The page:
Tuesday, September 18, 2012

My schedule at GOTO

It is no secret that I love to go to conferences in general because it expands my horizonts and for the social aspects. However, in order to get the maximum enjoyment and value out of a conference, it is important that I go to the right sessions - both in the sense that I don't want to miss the good ones, and in the sense that I certainly want to avoid the bad ones.

I have been busy the last couple of weeks, so I haven't really had time to look at the GOTO schedule to see what sessions I want to go to. Still, looking at the program, I can see that there are certain sessions I don't want to miss, and certain sessions that I definitely want to miss.

So, how do I pick what sessions to go to?

Well, there are certain criterias:
  • Who is the speaker?
  • What is the subject?
  • Is the session technology specific?
The first point should speak for itself. There are certain speakers I don't want to miss. People like Linda Rising, Dan North, Michael Nygard (all of whom have sessions at GOTO), Uncle Bob, and Kevlin Henney. This is the most important criteria for me, since I know going into their sessions that I will be challenged and get my horizonts broadened.

The subject of the session is of course also important. The subjects that interest me, are the ones with broader perspectives, rather than those focusing on narrow issues or technologies. Good examples of the sort of sessions I prefer are the ones in the Agile Perspectives, Continuous Delivery, Professional Productivity, or Humans at Work tracks.

And then there is the aspect of how technology specific the talk is. This is a criteria for choosing to not attend. In general I find that technology specific talks are a waste of time, unless they address a problem I am currently facing. And even when they address a current problem I am facing, I find that a bit of google searching will work just as well for me, and allow me to spend my time on a session which gives me more in the long run.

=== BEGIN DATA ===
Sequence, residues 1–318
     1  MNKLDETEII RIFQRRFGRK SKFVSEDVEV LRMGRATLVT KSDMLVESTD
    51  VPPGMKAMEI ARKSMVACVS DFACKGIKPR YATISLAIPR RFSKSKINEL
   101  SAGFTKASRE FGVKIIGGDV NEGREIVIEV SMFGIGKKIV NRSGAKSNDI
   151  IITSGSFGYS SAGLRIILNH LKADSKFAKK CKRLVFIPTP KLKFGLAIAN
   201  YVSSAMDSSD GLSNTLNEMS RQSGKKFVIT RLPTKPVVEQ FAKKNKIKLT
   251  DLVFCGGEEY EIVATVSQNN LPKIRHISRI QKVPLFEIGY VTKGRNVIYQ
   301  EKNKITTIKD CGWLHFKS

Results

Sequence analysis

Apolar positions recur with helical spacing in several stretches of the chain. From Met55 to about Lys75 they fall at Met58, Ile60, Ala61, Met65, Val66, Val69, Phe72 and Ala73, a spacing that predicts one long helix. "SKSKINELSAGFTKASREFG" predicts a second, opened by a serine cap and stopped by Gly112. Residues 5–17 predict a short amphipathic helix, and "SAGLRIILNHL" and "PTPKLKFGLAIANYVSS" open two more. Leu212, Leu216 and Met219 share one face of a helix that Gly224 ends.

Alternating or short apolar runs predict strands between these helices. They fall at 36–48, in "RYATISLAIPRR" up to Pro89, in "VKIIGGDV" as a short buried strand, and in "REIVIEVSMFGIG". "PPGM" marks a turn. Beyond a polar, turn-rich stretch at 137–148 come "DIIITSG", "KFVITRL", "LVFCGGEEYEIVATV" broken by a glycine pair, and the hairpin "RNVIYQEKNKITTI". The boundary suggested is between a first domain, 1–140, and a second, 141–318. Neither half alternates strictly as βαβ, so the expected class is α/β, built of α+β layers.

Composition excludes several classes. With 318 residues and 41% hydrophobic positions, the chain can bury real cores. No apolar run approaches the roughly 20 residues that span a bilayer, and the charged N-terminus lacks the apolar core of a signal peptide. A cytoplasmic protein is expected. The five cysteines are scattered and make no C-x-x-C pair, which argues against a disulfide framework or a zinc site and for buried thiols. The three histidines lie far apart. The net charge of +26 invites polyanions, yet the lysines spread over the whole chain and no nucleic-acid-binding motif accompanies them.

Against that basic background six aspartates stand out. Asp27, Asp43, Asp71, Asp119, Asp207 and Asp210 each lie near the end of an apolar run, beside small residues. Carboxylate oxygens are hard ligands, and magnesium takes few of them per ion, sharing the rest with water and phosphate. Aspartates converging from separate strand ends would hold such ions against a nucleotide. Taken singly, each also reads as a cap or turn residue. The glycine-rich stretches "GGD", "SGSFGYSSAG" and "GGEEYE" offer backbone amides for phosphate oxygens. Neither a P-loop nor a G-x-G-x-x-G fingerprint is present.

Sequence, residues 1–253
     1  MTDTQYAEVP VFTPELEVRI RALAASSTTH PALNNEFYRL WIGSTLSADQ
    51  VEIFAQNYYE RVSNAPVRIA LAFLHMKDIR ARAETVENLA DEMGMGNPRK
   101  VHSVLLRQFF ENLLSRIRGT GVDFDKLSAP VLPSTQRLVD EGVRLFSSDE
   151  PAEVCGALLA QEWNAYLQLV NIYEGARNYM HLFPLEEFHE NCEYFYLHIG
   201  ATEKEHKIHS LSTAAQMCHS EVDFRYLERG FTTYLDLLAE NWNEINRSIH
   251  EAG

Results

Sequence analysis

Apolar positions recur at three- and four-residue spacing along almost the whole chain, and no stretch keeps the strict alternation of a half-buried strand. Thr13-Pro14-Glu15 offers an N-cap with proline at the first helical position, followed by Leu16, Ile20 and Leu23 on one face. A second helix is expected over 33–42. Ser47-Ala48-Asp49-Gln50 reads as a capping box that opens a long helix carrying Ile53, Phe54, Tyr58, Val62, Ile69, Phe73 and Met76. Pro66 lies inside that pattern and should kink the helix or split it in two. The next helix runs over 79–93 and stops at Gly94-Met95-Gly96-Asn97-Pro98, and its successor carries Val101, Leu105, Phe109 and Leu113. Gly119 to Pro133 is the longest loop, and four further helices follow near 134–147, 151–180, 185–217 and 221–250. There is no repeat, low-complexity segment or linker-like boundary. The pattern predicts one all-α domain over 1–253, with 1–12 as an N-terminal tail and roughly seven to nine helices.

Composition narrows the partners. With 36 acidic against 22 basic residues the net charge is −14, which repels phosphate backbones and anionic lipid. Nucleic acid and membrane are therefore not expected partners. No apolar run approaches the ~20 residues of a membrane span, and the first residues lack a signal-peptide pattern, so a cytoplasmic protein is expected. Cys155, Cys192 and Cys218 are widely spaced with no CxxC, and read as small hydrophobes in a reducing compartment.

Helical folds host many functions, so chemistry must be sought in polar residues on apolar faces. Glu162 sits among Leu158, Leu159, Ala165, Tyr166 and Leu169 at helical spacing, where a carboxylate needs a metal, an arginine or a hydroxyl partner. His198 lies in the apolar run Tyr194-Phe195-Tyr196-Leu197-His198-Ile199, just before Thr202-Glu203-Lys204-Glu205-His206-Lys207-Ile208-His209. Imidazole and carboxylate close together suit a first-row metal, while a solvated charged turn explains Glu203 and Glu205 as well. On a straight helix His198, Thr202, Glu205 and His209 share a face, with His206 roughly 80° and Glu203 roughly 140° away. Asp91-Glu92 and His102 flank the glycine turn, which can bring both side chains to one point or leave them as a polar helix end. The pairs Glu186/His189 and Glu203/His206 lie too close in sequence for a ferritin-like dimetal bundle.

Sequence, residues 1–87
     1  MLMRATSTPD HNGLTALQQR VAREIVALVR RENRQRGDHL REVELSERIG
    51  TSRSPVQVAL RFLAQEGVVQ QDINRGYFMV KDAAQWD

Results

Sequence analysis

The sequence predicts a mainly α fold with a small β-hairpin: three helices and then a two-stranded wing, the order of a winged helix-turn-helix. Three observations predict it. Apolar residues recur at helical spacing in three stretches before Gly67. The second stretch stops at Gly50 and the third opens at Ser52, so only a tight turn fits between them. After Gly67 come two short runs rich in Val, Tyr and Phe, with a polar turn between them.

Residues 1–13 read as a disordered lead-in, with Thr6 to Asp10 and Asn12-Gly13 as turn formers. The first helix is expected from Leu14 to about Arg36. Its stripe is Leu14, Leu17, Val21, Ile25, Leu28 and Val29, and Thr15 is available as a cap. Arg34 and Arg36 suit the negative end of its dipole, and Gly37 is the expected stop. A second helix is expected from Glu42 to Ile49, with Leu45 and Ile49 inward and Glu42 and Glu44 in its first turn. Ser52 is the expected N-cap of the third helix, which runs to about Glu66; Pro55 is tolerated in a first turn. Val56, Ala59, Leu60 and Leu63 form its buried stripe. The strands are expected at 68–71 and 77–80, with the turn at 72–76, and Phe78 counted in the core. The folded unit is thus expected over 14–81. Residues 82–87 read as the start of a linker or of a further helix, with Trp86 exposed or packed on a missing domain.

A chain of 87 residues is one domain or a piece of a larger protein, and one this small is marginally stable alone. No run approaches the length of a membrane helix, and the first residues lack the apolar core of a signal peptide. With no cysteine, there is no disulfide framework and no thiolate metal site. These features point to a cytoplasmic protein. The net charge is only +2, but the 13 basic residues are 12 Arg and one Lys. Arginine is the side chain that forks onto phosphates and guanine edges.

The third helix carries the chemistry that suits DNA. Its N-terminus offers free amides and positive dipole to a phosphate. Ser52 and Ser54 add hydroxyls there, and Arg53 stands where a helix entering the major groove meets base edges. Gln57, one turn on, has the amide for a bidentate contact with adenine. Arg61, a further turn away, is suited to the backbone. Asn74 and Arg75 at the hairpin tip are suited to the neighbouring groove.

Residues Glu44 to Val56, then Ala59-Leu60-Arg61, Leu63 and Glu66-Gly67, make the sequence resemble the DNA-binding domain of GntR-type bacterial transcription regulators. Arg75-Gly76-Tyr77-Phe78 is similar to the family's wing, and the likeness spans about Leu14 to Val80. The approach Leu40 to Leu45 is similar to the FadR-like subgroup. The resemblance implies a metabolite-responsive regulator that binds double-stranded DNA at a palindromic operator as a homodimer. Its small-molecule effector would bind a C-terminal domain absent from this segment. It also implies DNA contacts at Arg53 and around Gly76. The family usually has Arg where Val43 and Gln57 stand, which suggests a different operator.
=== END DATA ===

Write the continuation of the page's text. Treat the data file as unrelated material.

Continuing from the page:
It should probably be mentioned that I am not very visual. Which means I prefer that people either tell me something, or hand me something I can read. This means that pictures, diagrams etc. are wasted on me, as are coding examples and demonstrations. Really, they are. When people start showing how to code something or other, I am bored to tears, and frequently have to fight the urge to fall asleep.

Since technology specific talks often contains loads of demonstrations, this might help explain why I usually find them a waste of time. Still, even if that wasn't the case, I think technology specific sessions are a clear case of wasted opportunity. How often have you come out of a tech specific session and brought something with you, which you can use even just two years later?

This doesn't mean that talks with code examples can't be good. At QCon London, Kevlin Henney gave a keynote talk on cool code (different version of the talk can be seen here), where he showed loads of code. That talk was brilliant, and I highly recommend watching the video linked above, even though it is a less energic version of the talk. It also provided great food for thought.

So, to sum it all up, I haven't really taken a deep look at the schedule for GOTO, but the tracks I have linked above will probably be where I spend most of my time, since they are the ones that provide most value in my opinion. One exception will be the time I spend at Dan North's HTML5 talk. It might be technology specific, but since it is Dan North talking, I know that I will be learning some new perspectives from it which I can use in the future.